Program Goals and Outcomes

The Kettering College’s OTD Program is an eight semester program designed with the following:

Program Design and Philosophy

The occupational therapy curriculum design is organized based on the Human Developmental Model (biological and psychological) for a conceptual framework and the three domains of Bloom’s Taxonomy of Learning Domains as the categories of educational activities.  The human developmental model is used to guide the student in learning and understanding the impact of challenges on occupational performance during the life span of individuals.  This provides the framework for students to develop their clinical skills.  The three domains of Bloom’s taxonomy (knowledge, skills, and attitude), are also applied throughout the curriculum.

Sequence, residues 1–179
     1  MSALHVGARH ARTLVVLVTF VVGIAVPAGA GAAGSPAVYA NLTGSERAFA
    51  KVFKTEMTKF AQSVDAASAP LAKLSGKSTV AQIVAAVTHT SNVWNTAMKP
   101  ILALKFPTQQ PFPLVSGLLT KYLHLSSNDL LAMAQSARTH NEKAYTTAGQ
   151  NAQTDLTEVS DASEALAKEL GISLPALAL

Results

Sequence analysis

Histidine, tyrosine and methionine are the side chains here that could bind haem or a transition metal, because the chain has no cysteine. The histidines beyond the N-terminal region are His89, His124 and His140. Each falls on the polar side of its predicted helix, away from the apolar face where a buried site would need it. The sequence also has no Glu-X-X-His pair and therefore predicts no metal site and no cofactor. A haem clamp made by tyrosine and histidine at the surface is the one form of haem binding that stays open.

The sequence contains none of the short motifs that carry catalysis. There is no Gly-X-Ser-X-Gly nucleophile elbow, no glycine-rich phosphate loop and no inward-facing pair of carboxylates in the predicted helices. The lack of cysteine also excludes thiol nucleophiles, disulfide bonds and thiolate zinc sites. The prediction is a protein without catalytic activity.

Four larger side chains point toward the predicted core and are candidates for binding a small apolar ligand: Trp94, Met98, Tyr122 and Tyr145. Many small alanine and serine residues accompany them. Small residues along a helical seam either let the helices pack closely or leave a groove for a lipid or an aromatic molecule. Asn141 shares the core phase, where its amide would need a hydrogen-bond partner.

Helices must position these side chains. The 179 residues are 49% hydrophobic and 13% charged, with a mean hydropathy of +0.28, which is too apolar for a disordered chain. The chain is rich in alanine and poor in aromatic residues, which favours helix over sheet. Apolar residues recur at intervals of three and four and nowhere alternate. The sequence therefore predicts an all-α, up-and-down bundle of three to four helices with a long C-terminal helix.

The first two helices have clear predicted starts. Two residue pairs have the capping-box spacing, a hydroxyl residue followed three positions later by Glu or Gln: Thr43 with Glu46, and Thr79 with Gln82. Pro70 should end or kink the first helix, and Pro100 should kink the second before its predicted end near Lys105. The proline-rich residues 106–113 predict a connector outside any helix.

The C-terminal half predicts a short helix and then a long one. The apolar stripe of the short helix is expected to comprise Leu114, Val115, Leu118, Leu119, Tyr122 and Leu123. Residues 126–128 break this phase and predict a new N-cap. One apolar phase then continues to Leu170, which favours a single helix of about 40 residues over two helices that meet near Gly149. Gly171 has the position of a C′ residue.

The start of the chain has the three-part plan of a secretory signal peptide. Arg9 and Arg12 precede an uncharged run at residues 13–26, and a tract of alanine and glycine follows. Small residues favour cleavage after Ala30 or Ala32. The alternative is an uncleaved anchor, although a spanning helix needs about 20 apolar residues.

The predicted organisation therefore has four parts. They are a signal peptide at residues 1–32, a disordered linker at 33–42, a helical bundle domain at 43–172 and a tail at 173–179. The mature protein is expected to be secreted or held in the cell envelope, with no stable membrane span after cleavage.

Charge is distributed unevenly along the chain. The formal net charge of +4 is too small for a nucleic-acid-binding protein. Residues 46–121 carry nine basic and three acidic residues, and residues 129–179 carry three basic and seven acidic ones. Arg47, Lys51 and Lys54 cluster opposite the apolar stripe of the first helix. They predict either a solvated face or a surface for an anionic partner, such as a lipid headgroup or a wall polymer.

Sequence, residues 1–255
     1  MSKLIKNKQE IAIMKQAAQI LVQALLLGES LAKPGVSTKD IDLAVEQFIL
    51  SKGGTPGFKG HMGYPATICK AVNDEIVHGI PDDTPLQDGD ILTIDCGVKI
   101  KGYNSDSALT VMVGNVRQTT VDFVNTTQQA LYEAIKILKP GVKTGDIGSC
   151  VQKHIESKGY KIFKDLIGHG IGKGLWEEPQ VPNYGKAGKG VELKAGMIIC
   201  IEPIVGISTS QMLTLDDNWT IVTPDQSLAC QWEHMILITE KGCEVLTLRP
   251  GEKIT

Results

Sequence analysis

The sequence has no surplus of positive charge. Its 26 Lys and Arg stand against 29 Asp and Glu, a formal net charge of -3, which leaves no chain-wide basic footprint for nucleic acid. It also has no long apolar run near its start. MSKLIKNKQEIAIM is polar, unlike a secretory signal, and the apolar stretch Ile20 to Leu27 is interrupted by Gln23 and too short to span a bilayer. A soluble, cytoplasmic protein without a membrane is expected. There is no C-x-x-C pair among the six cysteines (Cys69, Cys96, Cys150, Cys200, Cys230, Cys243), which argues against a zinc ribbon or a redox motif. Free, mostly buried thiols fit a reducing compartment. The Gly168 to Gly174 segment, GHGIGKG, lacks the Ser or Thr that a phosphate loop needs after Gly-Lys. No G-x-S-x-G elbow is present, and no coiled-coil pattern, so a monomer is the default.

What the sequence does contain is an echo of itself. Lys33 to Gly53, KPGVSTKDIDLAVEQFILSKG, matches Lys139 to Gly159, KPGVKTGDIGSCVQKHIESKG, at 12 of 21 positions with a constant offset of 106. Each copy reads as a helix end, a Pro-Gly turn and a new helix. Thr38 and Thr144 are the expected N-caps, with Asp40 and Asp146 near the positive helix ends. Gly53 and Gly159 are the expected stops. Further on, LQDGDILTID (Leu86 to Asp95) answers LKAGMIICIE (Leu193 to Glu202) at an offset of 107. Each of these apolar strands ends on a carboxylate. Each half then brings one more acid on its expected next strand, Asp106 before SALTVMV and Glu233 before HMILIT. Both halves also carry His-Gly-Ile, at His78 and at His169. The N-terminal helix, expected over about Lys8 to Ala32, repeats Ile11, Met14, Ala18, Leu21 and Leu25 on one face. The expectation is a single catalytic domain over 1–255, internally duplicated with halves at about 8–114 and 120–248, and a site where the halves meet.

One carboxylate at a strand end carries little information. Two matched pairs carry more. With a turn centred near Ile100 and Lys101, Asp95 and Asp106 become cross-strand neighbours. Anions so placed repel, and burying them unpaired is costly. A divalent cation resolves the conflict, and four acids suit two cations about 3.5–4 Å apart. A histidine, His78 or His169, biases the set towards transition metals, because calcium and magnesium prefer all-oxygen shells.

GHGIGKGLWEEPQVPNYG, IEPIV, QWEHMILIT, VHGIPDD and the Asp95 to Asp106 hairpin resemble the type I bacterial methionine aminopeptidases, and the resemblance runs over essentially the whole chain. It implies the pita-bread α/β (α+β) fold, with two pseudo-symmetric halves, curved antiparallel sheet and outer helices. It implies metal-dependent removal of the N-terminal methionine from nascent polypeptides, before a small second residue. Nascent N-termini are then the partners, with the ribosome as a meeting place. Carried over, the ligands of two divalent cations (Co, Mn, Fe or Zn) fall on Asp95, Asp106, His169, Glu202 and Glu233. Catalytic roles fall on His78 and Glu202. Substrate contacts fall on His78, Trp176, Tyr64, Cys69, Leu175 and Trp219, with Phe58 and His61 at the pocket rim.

The curriculum involves the acquisition of knowledge and the development and shaping of intellectual skills, as students begin to recognize facts, procedural patterns, as well as concepts that help in developing cognitive skills.  The acquisition of skills pertinent to the profession, such as practice of hands-on activities, is of utmost importance and is used extensively in the curriculum.  Personal attitude is important in all professions, and even more so in a clinical profession such as occupational therapy.  Therefore, students’ awareness of their own behavioral strengths and weaknesses that can affect their attitude is strongly emphasized from day one of the curriculum.  This is accomplished through self-assessment of behavior using a portfolio-based reflection tool and Professional Skills Assessment tool.
  • Main threads of the Occupational Therapy Curriculum Design and Student Outcomes

    • Student-Centered Learning

    • Occupation-Based Practice

    • Client-Centered Practice

    • Evidence-Based Practice

    • Social-Cultural Interactions

    • Reflective Learning

    • Christian Service

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